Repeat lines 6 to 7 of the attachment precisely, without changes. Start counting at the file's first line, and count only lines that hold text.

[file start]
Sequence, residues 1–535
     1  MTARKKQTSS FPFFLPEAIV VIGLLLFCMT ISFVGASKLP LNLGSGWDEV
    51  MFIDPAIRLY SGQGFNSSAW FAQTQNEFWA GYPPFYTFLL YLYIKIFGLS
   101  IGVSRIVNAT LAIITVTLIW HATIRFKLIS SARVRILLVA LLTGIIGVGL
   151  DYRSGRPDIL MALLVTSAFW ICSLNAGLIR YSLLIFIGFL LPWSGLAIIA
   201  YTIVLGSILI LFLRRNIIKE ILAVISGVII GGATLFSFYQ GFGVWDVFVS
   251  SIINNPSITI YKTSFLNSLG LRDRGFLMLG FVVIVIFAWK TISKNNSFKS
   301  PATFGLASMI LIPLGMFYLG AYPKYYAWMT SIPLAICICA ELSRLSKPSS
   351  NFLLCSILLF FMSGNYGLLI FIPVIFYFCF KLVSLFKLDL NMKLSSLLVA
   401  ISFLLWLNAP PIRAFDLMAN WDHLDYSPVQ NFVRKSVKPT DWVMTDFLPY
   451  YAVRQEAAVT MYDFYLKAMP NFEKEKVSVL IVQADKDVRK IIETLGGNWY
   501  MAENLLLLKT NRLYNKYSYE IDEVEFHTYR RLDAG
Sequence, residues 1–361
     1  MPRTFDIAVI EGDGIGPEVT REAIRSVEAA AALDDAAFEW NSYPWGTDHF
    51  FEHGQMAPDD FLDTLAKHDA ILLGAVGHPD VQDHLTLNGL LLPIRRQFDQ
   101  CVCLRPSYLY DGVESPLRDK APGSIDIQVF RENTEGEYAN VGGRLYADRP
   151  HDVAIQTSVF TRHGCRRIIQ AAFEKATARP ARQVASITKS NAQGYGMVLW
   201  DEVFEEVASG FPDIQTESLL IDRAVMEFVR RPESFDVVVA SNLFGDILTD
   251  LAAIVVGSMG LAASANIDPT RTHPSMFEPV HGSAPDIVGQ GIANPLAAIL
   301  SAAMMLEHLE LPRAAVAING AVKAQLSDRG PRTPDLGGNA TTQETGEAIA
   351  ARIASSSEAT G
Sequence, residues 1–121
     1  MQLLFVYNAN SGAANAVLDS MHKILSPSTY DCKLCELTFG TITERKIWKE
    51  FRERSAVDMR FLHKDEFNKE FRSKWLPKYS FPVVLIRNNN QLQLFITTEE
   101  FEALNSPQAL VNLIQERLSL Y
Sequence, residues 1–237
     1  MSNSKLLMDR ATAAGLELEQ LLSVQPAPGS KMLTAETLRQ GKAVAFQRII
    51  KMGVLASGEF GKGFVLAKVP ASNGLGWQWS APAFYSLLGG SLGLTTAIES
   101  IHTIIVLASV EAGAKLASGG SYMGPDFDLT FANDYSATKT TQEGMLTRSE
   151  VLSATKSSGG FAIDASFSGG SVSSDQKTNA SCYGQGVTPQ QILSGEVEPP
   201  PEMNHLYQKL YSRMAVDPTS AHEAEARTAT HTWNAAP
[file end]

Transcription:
   201  YTIVLGSILI LFLRRNIIKE ILAVISGVII GGATLFSFYQ GFGVWDVFVS
   251  SIINNPSITI YKTSFLNSLG LRDRGFLMLG FVVIVIFAWK TISKNNSFKS